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Overcoming the Effects of Highly Organic Protein Precipitation Extracts on LC Peak Shape Using Direct Injection

Abstract
Protein precipitation is frequently used to minimize matrix impact when analyzing biological samples. However, the effects of highly organic protein precipitation sample extracts on LC peak shape can negatively impact accurate quantification. Dilution or further sample preparation steps are often used to minimize these effects; however, here we show that direct injection of sample extracts is a viable option that can be used to prevent peak distortion, while avoiding the time and variability associated with additional sample preparation.

Introduction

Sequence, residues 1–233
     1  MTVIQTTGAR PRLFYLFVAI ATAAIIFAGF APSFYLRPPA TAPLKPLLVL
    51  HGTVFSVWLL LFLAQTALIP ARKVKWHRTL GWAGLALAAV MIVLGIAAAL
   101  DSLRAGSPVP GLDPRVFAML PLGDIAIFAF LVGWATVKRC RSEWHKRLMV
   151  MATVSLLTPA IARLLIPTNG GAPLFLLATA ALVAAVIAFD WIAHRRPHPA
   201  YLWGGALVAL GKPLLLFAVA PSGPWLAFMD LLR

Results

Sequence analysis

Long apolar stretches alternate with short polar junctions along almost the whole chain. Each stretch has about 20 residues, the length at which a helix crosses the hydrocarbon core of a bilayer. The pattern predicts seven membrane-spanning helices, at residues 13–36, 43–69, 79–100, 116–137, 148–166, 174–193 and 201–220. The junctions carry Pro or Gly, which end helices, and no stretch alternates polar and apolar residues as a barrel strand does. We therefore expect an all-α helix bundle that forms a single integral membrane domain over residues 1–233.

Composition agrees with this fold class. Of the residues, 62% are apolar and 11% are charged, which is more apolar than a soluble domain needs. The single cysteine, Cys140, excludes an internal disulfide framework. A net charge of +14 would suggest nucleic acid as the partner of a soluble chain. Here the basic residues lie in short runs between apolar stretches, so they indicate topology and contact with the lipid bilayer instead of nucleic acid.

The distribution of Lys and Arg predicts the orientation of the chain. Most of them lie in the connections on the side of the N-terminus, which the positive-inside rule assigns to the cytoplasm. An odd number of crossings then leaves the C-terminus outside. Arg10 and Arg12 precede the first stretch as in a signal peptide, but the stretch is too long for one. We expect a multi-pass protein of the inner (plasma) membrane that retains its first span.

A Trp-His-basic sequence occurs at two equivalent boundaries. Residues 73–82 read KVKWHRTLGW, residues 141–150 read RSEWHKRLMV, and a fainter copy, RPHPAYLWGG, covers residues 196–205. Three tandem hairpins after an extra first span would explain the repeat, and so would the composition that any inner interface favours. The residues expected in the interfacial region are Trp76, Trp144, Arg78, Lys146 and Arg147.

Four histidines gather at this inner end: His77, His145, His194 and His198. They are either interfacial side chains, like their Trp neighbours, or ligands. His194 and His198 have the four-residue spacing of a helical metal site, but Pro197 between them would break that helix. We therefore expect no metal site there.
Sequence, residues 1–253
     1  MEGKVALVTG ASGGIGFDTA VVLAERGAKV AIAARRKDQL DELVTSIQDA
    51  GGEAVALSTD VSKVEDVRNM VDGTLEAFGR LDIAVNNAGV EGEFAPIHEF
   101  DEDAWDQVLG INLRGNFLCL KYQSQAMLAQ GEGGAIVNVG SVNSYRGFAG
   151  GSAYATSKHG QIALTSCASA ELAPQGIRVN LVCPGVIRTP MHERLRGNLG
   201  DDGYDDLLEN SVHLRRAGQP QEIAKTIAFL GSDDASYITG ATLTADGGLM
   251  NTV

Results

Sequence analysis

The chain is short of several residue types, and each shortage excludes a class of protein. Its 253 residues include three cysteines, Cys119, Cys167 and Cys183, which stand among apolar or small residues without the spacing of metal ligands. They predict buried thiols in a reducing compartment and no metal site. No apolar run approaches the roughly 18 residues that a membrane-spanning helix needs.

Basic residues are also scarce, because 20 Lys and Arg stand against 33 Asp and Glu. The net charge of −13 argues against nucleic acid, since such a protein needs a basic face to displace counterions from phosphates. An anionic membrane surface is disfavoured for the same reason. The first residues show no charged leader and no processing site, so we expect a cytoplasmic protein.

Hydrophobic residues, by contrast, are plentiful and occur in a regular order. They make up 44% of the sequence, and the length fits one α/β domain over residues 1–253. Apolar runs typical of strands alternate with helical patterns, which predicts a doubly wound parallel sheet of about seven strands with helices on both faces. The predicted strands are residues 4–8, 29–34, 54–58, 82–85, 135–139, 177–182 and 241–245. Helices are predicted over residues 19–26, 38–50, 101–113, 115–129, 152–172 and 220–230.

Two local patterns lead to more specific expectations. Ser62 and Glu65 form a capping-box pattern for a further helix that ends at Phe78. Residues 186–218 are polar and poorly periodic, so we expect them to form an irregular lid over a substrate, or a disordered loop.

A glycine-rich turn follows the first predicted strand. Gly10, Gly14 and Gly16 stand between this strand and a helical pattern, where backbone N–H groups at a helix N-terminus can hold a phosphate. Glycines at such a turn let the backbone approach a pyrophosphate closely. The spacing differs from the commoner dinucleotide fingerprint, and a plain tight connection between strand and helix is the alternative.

Protein precipitation (PPT) extraction is widely used to prepare biological samples for LC analysis because it is fast, simple, and inexpensive. PPT removes proteins from blood, plasma, and serum samples, reducing matrix interferences and preventing column clogging. A typical PPT protocol utilizes a 3:1 ratio of organic solvent to biological sample, which produces a highly organic protein precipitation sample extract that contains approximately 75% organic solvent. Poor chromatography can result when the extract is injected into a reversed-phase LC system with a weaker mobile phase. The effects of the highly organic protein precipitation sample on LC peak shape include peak fronting and splitting, which can negatively impact quantitation. In contrast, if the injection solvent is sufficiently weaker than the mobile phase, the sample will concentrate at the head of the column and a symmetrical peak shape will result. Often, when protein precipitation is used, additional steps, such as evaporation and reconstitution or dilution with a weaker solvent (e.g., water), are performed prior to analysis in order to minimize the effects of the highly organic protein precipitation samples on LC peak shape. These additional steps can reduce peak distortion, but they also are time-consuming and can introduce additional error into the analysis. In this article, we will assess the viability of direct injection using a smaller injection volume in order to minimize the effects of highly organic protein precipitation extracts on LC analyses. Performance will be evaluated by comparing direct injection to dilution in terms of peak shape, intensities, and recovery values for five antiretroviral (ARV) drugs in human plasma.